According to Welsh tradition, a child born on Valentine’s Day would have many lovers. A calf born on Valentine’s Day, however, would be of no use for breeding purposes. If hens were to hatch eggs on Valentine’s Day, they would all turn out rotten.
Some events that happened on Valentine’s Day, as well as famous people born include John Barrymore (1882), Jimmy Hoffa (1913), Jack Benny (1894), Carl Bernstein (1944), Renée Fleming (1959), and Florence Henderson (1934).
Groundhog Day was originally observed on February 14th. On Valentine’s Day 2010, 39,897 people in Mexico City broke the record for the world’s largest group kiss. Oregon and Arizona were admitted to the Union (1859 and 1912, respectively), James Polk became the first president photographed while in office (1848),UPS (United Parcel Service) was formed (1919), the League of Women Voters was established (1920), Aretha Franklin recorded “Respect” (1967), Richard Nixon installed a secret taping system in the White House (1971), the U.S. performed a nuclear test at the Nevada Test Site (1976), and Voyager I took a picture of the entire solar system (1990).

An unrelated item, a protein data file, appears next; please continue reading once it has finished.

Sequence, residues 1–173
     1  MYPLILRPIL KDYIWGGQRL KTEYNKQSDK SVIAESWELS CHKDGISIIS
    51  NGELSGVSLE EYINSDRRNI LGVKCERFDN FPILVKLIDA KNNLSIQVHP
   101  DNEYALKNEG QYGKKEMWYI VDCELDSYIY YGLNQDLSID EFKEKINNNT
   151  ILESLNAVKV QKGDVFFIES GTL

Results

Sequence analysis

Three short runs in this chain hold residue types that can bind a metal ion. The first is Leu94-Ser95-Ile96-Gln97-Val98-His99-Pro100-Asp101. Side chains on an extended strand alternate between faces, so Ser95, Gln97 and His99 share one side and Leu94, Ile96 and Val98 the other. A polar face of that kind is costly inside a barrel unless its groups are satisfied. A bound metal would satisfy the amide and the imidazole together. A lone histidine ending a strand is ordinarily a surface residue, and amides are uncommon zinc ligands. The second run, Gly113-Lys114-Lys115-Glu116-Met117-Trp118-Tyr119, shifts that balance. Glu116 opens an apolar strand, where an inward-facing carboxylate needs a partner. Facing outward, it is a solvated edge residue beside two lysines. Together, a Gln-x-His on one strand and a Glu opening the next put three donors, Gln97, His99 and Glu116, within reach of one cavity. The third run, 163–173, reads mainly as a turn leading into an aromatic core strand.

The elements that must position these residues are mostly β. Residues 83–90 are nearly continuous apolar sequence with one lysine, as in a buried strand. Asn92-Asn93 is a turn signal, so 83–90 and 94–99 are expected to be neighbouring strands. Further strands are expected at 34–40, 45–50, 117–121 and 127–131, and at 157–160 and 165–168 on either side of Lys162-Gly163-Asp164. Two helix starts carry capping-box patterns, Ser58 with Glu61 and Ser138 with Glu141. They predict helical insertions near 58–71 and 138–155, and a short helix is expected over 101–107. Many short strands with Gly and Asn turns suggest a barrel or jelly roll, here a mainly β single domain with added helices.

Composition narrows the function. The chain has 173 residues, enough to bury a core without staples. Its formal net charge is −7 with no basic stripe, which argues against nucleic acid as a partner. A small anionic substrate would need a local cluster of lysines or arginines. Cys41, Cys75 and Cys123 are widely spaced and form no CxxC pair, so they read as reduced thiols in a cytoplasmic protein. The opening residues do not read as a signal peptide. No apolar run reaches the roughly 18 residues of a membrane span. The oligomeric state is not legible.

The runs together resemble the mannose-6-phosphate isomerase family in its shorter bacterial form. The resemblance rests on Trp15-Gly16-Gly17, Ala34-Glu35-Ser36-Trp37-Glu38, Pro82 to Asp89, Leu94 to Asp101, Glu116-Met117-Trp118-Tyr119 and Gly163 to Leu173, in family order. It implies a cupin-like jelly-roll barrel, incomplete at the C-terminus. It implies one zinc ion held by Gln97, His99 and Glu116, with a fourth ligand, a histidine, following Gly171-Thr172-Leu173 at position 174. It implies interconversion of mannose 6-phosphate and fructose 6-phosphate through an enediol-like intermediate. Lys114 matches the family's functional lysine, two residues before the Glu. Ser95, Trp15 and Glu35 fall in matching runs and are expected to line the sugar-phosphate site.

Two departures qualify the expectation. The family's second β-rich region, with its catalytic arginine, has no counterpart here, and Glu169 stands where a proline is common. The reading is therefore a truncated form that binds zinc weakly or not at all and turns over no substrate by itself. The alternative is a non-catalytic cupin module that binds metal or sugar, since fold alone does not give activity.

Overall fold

Americans spend around $277 million on Valentine cards every year, second only to Christmas. Approximately one billion Valentine’s are sent each year around the world. Teachers receive the most Valentine’s cards, followed by children, mothers, and wives. Children between the ages of 6-10 exchange more than 650 million Valentine cards a year.
The first American Valentine was produced in 1834 by New York engraver Robert Elton, and Esther Howland (1828-1904) was the first person to create Valentines to sell in the United States. She first patented a lacy Valentine in 1844—and by 1860 her factory was selling thousands of valentines, earning over $100,000.